I've already mentioned that three county agencies are planning to add high occupancy toll lanes along several segments of the I-15 Freeway corridor. If they are all built, Southern California will have a gigantic I-15 Express Lanes facility stretching from the high desert in the north to San Diego's Kearny Mesa in the south.
Because express transit upgrades are in the works, there needs to be a common ground between the expanded bus services and the HOT lane infrastructure. Here's what should happen:
I. Integrate the HOT Lanes with Express Transit
according to the Reason Foundation. Existing HOT lane systems have already demonstrated this. With the dual HOV express lane infrastructure each way, variable pricing for non-HOV's and the ability to manage the carpool occupancy requirements would allow the buses and other cars to travel at full speed, even during rush hours.
Direct access ramps would allow the transit vehicles and HOV's to seamlessly access stations and park & ride lots without needing to weave across congested general purpose lanes.
Officials need to put HOT lane transit stations outside of the freeway right-of-way, just like how San Diego built its system and how Los Angeles built the I-10 El Monte Busway.
The Transit Coalition believes putting an I-15 Express Lanes transit station directly within the freeway right-of-way such as the center median, right shoulder, or general purpose interchange is an unacceptable option from a transportation planning perspective.
Stations within the freeway would have to be where it intersects with major streets. On freeways, the stations tend to be under or over the highway, areas that make waiting for transit a cold and uninviting experience. Worse yet, the stations are usually not near any transit destinations such as shopping centers and office buildings; and even when they are fairly close by, access to them are neither pedestrian- nor bike-friendly.
Stations should be accessible to connecting local buses, park & ride lots, pedestrians and cyclists and should also be built in a way where they complement the land-uses adjacent to the corridor - where they are built near transit-generators such as shopping/entertainment and employment destinations.
Both the Los Angeles I-10 El Monte Busway and the I-15 Express Lanes in San Diego County fulfills this because the station stops are away from the main freeway itself, but are seamlessly accessible to the Express Lanes via direct access ramp connectors.
|Coalition Concept: I-15 Express Lanes rendering through Ontario.|
Note: Concept only. Not endorsed by SANBAG or Caltrans.
Even with these planned upgrades, we still have gaps north of Corona. Transportation officials should close these transit gaps which would allow for public transit connections for the entire corridor.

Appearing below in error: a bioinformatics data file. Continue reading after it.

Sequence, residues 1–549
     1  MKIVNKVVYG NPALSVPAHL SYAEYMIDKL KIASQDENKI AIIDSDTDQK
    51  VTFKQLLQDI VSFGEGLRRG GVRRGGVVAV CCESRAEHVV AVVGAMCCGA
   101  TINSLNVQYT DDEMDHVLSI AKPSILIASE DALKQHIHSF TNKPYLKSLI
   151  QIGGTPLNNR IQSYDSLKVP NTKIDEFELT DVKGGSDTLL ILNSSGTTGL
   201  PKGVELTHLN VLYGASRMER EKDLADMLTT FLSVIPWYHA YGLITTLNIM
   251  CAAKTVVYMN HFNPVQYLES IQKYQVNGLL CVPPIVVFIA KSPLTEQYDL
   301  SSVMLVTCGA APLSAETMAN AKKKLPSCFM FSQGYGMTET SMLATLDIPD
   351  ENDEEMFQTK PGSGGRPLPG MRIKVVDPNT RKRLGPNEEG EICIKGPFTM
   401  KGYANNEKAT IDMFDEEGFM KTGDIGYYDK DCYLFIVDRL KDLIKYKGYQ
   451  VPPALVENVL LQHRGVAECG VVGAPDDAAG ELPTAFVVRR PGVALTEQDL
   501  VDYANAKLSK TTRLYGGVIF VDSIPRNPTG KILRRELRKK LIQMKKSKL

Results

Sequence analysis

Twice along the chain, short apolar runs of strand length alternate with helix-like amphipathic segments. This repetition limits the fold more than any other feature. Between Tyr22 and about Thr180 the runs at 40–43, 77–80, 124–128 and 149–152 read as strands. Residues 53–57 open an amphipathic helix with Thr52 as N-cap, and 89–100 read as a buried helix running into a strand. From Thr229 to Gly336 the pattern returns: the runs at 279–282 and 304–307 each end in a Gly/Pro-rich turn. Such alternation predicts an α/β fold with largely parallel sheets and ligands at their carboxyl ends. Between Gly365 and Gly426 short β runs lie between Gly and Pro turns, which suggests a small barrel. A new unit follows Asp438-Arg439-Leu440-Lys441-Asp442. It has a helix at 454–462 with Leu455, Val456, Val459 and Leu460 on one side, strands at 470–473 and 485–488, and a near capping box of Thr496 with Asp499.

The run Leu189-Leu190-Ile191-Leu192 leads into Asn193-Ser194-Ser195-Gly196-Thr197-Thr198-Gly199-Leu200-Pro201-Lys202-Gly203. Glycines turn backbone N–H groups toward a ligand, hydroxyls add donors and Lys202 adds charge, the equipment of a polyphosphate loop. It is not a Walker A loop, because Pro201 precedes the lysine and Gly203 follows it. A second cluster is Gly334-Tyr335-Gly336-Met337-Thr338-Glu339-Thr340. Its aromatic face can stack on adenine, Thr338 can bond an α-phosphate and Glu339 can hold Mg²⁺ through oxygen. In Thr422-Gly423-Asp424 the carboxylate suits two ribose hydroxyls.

RTA should work with Omnitrans to establish a local line plus a potential express route operating hourly to service the Corona-to-Ontario Segment. The primary station stops would be the Corona Transit Center in the south and the Rancho Cucamonga Metrolink Station to the north via the Ontario Mills Mall bus transfer hub. The express route could potentially have a direct connection to the Montclair TransCenter.
In addition, officials should plan to close the gap between Ontario and the high desert region with hourly service whether it be via a public transit express route or public-private partnership with an intercity carrier. The express services should connect seamlessly with the local transit centers near the I-15 in the high desert region.
If that can happen, then we'll have transit station pairs for the entire Los Angeles - San Diego Inland corridor:
|Southernmost Transit Hub: San Ysidro Transit Center|
- LA - Montclair via Foothill Transit Silver Streak or Metrolink San Bernardino Line
- Montclair to Riverside via Ontario - RTA Route 204
- High Desert to Ontario - Public Express or PPP w/ Private Carrier
- Ontario to Corona - Streamlined local + Express services
- Corona to Temecula - RTA Route 206
- Temecula to Escondido - RTA Route 217
- Escondido to San Diego - MTS Rapid 235
- San Diego to San Ysidro - MTS Trolley Blue Line
I should point out and make clear that private intercity carriers need to be inclined to invest into the entire corridor too for the longer-haul trips and stop their buses at or near public transit stations. Obviously a trip from Montclair all the way down to the border would be excessively long via public transit given all of the transfers, layovers and stops; but would be completely acceptable and attractive via an intercity carrier and across-the-platform connections. If a private carrier headed to San Ysidro picked up passengers at the Rancho Cucamonga Metrolink Station for example, one could bus or train to this point from the Montclair hub and transfer seamlessly to the carrier.
By increasing the station pairs with the expanded public express services combined with improved intercity bus options, we really can transform the I-15 freeway corridor from a car-centric highway to a multi-modal transportation system with the HOT lane infrastructure.
What do you think?